For simple string searches we can simply pass the built-in id function in. If we want to do something more complicated, like grab the line and a date parsed from it, we can always supply a function which returns some other type.

The other function parameter is named check. check has the following type, with the int representing a line number and the generic type ‘a representing the parsed contents of the line. It returns a bool representing whether or not the line should be included in the results or not.

  1. (int * 'a) -> bool

The next function – named ‘search’ – simply uses search_file to search a collection of files. Each file is mapped to a collection of search results. The resulting sequence of sequences of results is then transformed into a simple one dimensional sequence of results via Seq.concat. The combination of and Seq.concat performs a similar function to Linq’s SelectMany extension method.

  1. let search parse check =
  2. (fun file -> search_file parse check file)
  3.     >> Seq.concat

Calling search by passing in a parse and a check function with a sequence of files is now enough to perform our search. However, I’d like a default way of iterating through the sequence printing each result, ending in a print of the number of results. This kind of functionality can be catered for using Seq.fold, which visits each item in a sequence whilst passing an accumulator argument through the whole lot. We’ll use the accumulator to count our results, and print each result during the fold using the SearchResult type’s ToString override.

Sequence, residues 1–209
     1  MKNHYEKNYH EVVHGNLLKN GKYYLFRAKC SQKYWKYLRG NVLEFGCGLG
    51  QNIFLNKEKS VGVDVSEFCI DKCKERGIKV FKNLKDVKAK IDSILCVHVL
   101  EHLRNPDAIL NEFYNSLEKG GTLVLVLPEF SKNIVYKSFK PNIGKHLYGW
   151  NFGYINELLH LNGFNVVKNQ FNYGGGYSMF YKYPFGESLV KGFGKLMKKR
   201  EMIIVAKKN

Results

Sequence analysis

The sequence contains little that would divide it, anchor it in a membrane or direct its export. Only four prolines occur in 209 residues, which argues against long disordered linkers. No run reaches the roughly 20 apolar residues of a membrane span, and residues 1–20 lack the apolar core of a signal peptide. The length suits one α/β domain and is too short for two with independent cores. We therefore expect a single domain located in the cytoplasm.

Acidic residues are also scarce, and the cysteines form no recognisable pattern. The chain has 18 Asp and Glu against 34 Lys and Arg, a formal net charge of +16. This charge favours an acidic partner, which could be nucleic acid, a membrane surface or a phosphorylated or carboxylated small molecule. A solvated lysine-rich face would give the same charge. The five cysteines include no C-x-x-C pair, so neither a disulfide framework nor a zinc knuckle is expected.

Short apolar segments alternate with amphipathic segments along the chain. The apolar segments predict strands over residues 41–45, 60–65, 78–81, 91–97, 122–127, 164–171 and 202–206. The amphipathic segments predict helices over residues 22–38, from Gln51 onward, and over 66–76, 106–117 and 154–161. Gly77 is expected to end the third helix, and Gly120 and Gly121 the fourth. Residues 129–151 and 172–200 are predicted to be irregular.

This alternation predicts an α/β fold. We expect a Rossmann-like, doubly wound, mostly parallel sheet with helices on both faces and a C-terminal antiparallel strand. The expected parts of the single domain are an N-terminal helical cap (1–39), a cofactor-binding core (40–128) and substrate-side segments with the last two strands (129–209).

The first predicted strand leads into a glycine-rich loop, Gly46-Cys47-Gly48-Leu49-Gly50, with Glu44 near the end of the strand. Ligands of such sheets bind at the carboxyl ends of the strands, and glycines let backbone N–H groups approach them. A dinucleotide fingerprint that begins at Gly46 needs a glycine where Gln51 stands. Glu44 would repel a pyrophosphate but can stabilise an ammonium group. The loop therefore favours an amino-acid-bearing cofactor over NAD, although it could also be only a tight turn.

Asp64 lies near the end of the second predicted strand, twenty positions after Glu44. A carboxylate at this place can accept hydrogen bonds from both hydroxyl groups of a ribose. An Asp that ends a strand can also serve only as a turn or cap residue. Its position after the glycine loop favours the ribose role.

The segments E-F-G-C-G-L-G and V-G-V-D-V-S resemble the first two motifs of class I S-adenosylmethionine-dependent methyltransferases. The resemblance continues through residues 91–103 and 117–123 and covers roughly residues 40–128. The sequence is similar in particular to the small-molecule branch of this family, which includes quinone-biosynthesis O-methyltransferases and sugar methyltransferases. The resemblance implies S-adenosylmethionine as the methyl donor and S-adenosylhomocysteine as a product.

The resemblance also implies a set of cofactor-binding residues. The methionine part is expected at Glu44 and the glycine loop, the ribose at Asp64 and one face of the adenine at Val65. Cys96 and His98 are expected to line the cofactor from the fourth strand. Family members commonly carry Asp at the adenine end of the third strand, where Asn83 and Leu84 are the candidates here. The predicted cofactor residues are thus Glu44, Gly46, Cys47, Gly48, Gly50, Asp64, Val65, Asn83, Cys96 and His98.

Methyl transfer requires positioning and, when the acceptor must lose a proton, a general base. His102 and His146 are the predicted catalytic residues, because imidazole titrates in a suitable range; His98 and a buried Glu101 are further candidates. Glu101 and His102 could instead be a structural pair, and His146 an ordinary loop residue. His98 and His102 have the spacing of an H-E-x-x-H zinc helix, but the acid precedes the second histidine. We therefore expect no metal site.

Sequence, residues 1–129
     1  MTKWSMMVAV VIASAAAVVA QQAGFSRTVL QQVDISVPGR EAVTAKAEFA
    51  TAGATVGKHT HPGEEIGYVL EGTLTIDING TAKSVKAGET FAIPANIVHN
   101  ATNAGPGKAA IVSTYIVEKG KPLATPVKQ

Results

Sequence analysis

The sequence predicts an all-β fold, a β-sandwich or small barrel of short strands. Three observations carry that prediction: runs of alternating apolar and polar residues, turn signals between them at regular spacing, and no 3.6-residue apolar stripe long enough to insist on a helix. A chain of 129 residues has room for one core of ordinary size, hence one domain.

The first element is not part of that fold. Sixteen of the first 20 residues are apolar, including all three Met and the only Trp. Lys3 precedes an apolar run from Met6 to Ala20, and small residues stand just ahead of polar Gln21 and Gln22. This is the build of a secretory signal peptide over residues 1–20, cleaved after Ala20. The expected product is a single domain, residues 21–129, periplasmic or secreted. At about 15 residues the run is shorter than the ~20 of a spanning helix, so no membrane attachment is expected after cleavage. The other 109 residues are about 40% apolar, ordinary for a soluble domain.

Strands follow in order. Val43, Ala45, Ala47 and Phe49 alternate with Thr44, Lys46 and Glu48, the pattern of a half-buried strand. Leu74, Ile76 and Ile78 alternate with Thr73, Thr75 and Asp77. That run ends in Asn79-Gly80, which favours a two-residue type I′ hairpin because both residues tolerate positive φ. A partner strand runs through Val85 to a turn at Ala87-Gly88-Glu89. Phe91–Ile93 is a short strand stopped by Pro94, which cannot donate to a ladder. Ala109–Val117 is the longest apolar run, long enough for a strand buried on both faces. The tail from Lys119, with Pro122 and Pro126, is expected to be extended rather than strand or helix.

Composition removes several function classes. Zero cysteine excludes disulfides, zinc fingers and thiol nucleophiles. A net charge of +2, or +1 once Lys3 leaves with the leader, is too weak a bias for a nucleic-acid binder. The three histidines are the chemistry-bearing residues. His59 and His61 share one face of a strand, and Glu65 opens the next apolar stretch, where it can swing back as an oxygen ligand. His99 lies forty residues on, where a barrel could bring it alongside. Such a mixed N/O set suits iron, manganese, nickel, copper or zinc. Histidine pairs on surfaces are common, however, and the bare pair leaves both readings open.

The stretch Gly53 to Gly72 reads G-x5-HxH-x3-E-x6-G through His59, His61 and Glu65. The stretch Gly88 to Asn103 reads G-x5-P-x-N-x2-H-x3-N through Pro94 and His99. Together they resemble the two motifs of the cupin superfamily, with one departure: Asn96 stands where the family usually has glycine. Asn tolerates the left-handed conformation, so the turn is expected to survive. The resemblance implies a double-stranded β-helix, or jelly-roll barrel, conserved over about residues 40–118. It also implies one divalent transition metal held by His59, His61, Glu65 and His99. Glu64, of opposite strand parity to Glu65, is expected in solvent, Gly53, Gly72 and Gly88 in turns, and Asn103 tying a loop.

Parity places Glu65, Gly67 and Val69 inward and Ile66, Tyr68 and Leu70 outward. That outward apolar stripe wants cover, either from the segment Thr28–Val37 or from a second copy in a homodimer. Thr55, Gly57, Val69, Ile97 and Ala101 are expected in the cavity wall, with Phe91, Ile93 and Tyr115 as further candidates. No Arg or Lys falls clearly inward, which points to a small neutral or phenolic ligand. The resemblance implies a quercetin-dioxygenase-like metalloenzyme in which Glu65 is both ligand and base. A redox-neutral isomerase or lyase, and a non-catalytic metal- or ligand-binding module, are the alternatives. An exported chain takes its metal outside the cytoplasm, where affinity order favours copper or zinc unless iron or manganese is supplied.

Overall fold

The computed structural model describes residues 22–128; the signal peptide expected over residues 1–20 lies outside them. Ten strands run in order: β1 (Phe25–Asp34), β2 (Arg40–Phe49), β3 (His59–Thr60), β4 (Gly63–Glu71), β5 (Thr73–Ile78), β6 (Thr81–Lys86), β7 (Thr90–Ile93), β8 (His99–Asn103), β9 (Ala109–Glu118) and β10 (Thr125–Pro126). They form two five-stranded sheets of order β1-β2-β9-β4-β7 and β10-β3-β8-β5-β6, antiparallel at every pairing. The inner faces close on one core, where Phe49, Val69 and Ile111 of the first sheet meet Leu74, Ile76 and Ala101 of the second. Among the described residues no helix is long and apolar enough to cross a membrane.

1. let print_results<'a> : 'a SearchResult seq -> unit =
  2.     Seq.fold (fun c r -> printfn "%O" r; c + 1) 0
  3.     >> printfn "%d results"

Note that we need a type annotation for the function here to make it generic. By removing the type annotation, the function’s type will be determined by how it is first used, which isn’t what we want.

A Simple Search

Usage is as follows (with some sample results). This example searches all .cs files under D:\_codeplex for lines which look like they might be test methods, and prints the results to the console.

  1. Directory.GetFiles(@"c:\_src\", "*.cs", SearchOption.AllDirectories)
  2. |> search id (fun (i, l) -> l.Contains("public void Test"))
  3. |> print_results
  1. line 16 in c:\_src\nunitresultsexplorer\NUnitResultsExplorerTests\Unit\AssertsToStringConverterTests.cs –         public void TestConvert(Object value, Type targetType, Object parameter, String cultureString, Object expectedValue)